This is machine translation

Translated by Microsoft
Mouseover text to see original. Click the button below to return to the English verison of the page.

Note: This page has been translated by MathWorks. Please click here
To view all translated materals including this page, select Japan from the country navigator on the bottom of this page.


Field of numbers

MuPAD® notebooks are not recommended. Use MATLAB® live scripts instead.

MATLAB live scripts support most MuPAD functionality, though there are some differences. For more information, see Convert MuPAD Notebooks to MATLAB Live Scripts.




Dom::Numerical is the field of numbers.

Dom::Numerical is the domain of numbers represented by one of the kernel domains DOM_INT, DOM_RAT, DOM_FLOAT, or DOM_COMPLEX.

Dom::Numerical is of category Cat::Field due to pragmatism. This domain actually is not a field because bool(1.0 = float(3) / float(3)) returns FALSE, for example.

Elements of Dom::Numerical are usually not created explicitly. However, if one creates elements using the usual syntax, it is checked whether the input expression can be converted into a number (see below).

This means that Dom::Numerical is a façade domain which creates elements of domain type DOM_INT, DOM_RAT, DOM_FLOAT or DOM_COMPLEX. Every system function dealing with numbers can be applied, and computations in this domain are performed efficiently.

Dom::Numerical has no normal representation, because 0 and 0.0 both represent zero.

Viewed as a differential ring, Dom::Numerical is trivial. It only contains constants.

If x is a constant arithmetical expression such as sin(2) or PI + 2, the system function float is applied to convert x into a floating-point approximation.

An error message is issued if the result of this conversion is not of domain type DOM_FLOAT or DOM_COMPLEX.


Example 1

Dom::Numerical contains numbers of the domains DOM_INT, DOM_RAT, DOM_FLOAT and DOM_COMPLEX:

Dom::Numerical(2), Dom::Numerical(2/3), 
Dom::Numerical(3.141), Dom::Numerical(2 + 3*I)

Constant arithmetical expressions are converted into a real and complex floating-point number, respectively, i.e., into an element of the domain DOM_FLOAT or DOM_COMPLEX (see the function float for details):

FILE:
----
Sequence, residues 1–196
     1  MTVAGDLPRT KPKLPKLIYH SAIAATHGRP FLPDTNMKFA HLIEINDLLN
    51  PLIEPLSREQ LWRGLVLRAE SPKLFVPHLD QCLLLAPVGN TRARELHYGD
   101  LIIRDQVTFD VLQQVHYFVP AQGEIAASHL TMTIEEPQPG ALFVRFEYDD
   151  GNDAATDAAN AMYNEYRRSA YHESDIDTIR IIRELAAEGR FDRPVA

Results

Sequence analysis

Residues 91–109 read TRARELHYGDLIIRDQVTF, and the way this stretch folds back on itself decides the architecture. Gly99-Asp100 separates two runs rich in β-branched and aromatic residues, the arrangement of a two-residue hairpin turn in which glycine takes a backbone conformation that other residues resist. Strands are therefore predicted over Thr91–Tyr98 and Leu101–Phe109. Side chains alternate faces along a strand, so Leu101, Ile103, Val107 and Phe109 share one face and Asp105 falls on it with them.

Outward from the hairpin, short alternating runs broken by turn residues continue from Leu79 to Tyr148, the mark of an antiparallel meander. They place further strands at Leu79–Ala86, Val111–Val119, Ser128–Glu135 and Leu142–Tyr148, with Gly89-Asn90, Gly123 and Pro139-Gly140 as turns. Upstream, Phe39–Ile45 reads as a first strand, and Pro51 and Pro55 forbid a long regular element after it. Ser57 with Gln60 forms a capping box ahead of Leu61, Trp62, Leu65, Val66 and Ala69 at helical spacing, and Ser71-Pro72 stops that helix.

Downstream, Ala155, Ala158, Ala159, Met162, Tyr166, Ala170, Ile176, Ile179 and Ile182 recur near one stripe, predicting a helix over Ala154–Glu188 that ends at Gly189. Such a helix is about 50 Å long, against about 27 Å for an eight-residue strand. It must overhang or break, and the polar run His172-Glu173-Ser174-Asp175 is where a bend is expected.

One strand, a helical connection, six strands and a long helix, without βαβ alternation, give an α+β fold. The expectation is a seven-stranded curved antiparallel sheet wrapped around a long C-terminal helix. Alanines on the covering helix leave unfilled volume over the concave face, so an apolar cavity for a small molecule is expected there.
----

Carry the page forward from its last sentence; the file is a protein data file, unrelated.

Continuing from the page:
Dom::Numerical(exp(5)), Dom::Numerical(sin(2/3*I) + 3)

Note that the elements of this domain are elements of kernel domains, there are no elements of the domain type Dom::Numerical!

An error message is issued for non-constant arithmetical expressions:

Error: Invalid arguments. [Dom::Numerical::new]

Example 2

Dom::Numerical is regarded as a field, and it therefore can be used as a coefficient ring of polynomials or as a component ring of matrices, for example.

We create the domain of matrices of arbitrary size (see Dom::Matrix) with numerical components:

MatN := Dom::Matrix(Dom::Numerical)

Next we create a banded matrix, such as:

A := MatN(4, 4, [-PI, 0, PI], Banded)

and a row vector with four components as a 1 ×4 matrix:

v := MatN([[2, 3, -1, 0]])

Vector-matrix multiplication can be performed with the standard operator * for multiplication:

v * A

Finally we compute the determinant of the matrix A, using the function det:




An arithmetical expression



is zero.


expand all

Mathematical Methods


See the function D for details and further calling sequences.

diff(a, x)

See the function diff for details and further calling sequences.



Conversion Methods


If x is of the domain type DOM_INT, DOM_RAT, DOM_FLOAT or DOM_COMPLEX, x is returned.

Otherwise float(x) is computed and the result is returned, if it is of the domain type DOM_FLOAT or DOM_COMPLEX. If it is not, FAIL is returned.

convert_to(a, T)

If the conversion fails, FAIL is returned.

It currently handles the following domains for T: DOM_INT, Dom::Integer, DOM_RAT, Dom::Rational, DOM_FLOAT, Dom::Float and DOM_COMPLEX.

testtype(a, T)

This method is called from the function testtype.

Was this topic helpful?